Q&A: Environment secretary Roseanna Cunningham
Apart from coronavirus, what is the most significant thing that has happened within your portfolio area over the last year? Even before lockdown, we were encouraging a fundamental re-think of how we use and look after our natural environment and tackle the global climate emergency. Our 2019 Climate Change Act raised the bar in terms of climate change ambition in response to the UN Paris Agreement. The Act sets new, world-leading, targets – including for net-zero emissions by 2045 at latest, with a 75 per cent reduction from baseline levels by 2030. We remain fully committed to these targets as part of a green recovery from COVID-19, one in which how we work, how we travel, how we use our land and other natural assets are all re-imagined in order to protect Scotland’s future. Scotland’s natural environment is our greatest national asset and it is vital to our health, our quality of life and our economy. Alongside the climate legislation, our new Environment Strategy, published earlier this year, sets out the vision for Scotland’s environment including how we can promote a sustainable economy that conserves and grows our natural assets whilst ending our contribution to climate change.
Single-use plastic use is rising again globally. How can this be combatted? Whilst the full picture is still emerging of how public attitudes and consumption of plastics and other packaging may have changed as a result of Covid-19, we remain committed to long-term initiatives to tackle our throw-away culture and encourage a circular economy. Last year, Scotland became the first country in the UK to ban plastic-stemmed cotton buds, whilst in May, Parliament passed our plans for Scotland’s Deposit Return Scheme, which is expected to capture 90 per cent of single-use aluminium and steel cans, glass and PET plastic bottles once fully operational. Additionally, the Scottish Government has committed to meet or exceed the standards set out in the European Union’s Single Use Plastic Directive and the Expert Panel on Environmental Charges and Other Measures (EPECOM) will soon publish its second and final report, looking holistically at the issue of single use items.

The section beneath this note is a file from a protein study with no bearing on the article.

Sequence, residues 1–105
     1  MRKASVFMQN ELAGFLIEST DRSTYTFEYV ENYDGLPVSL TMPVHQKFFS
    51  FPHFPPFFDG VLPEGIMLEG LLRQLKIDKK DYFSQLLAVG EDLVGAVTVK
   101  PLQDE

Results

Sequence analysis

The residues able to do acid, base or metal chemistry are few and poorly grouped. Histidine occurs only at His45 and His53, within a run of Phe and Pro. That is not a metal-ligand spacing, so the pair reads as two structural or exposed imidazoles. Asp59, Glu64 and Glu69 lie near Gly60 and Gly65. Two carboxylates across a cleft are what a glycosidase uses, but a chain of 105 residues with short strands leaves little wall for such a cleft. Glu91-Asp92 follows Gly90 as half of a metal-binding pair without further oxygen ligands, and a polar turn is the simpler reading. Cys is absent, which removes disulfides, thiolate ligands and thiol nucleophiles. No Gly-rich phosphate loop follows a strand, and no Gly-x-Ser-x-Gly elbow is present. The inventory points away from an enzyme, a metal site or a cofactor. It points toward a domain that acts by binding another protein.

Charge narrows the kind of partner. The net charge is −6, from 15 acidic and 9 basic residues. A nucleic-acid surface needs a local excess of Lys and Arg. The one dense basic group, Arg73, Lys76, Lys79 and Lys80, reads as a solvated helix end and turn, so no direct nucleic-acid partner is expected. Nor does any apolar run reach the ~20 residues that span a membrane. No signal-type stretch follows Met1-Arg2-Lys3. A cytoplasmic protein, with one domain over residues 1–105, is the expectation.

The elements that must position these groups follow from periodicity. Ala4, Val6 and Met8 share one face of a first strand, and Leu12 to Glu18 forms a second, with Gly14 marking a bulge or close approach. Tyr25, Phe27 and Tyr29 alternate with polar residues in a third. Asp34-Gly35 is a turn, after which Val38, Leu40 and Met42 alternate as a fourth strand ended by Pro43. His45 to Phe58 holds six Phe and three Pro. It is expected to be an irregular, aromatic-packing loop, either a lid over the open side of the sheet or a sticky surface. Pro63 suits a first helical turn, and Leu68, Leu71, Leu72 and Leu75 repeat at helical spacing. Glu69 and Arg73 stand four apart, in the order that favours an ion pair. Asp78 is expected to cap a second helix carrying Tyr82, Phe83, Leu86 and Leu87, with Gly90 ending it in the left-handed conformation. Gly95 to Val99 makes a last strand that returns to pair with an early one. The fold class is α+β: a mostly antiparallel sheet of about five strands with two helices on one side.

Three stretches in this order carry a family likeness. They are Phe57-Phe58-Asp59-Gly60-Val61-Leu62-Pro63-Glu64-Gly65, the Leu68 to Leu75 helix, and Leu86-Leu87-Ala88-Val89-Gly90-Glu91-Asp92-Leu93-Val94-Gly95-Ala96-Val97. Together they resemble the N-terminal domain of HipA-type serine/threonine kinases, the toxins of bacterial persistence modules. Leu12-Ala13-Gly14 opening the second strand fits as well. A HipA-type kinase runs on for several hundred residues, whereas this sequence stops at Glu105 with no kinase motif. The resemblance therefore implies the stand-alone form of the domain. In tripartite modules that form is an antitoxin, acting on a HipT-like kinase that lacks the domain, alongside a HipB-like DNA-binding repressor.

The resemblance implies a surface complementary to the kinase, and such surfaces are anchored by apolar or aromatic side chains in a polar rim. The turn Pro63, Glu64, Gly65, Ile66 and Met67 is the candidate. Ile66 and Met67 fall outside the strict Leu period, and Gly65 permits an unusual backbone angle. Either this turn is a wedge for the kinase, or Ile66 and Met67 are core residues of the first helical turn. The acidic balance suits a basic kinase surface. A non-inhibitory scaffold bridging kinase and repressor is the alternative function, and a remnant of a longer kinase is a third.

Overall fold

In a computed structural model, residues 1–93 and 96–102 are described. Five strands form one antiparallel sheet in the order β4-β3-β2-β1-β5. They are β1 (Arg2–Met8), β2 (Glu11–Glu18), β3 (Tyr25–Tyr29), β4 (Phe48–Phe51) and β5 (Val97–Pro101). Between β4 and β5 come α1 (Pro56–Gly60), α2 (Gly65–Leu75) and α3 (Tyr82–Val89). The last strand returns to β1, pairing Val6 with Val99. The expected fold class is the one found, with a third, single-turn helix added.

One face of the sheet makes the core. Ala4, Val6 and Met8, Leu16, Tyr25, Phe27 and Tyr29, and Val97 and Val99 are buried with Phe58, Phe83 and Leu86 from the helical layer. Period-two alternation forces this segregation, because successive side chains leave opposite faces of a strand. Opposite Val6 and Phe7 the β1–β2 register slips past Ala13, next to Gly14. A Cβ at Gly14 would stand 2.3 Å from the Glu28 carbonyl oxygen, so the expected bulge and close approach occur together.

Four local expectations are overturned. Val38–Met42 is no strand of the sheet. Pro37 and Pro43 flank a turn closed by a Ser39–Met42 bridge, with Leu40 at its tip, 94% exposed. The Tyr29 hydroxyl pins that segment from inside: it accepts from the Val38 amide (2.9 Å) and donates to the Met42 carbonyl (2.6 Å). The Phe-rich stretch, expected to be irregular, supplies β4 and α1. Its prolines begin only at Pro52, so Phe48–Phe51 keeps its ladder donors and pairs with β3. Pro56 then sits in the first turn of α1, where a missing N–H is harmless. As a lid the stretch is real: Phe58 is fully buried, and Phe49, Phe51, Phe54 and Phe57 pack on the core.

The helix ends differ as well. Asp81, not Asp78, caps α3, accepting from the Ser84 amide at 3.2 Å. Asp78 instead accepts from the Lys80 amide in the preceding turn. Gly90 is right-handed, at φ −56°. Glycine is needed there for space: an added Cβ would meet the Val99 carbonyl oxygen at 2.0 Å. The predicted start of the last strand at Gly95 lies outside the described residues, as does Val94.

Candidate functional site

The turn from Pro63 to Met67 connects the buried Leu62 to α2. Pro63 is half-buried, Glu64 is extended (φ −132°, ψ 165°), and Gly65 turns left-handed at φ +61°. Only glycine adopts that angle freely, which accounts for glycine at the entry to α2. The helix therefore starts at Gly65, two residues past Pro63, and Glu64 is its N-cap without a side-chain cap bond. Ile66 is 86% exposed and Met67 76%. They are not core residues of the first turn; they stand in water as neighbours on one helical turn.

How can Scotland generate a ‘green recovery’ from the damage done by the lockdown? The Covid-19 pandemic has been an unprecedented global crisis which has fundamentally changed every aspect of our lives. It has and continues to be very challenging but to my mind it has also reaffirmed the need for us to make the transformational journey towards net-zero, and make it together, placing people’s wellbeing and the principles of just transition at its heart, alongside recognising the importance of nature, including to people and the economy.
We are already taking bold steps to ensure a green economic recovery from the pandemic and drive our long-term ambition to end Scotland’s contribution to climate change. These include our ongoing commitment to substantial peatland restoration, a £62m Energy Transition Fund to help the sector continue to grow and diversify whilst supporting our net-zero ambitions plus £66 million to kick-start a green recovery as part of the £230 million return to work package announced in June.
The lockdown seemed to reduce air pollution in Scotland’s cities. To what extent do you think the improvement will be temporary? It is true that the lockdown prompted a reduction in air pollution in some, particularly urban, areas. At the height of the lockdown, monitoring stations picked up decreases ranging from 49 per cent at Atholl Street in Perth to 72 per cent at Hope Street in Glasgow.
As we continue to ease out of lockdown we can expect to see an associated increase in levels as industry restarts and travel increases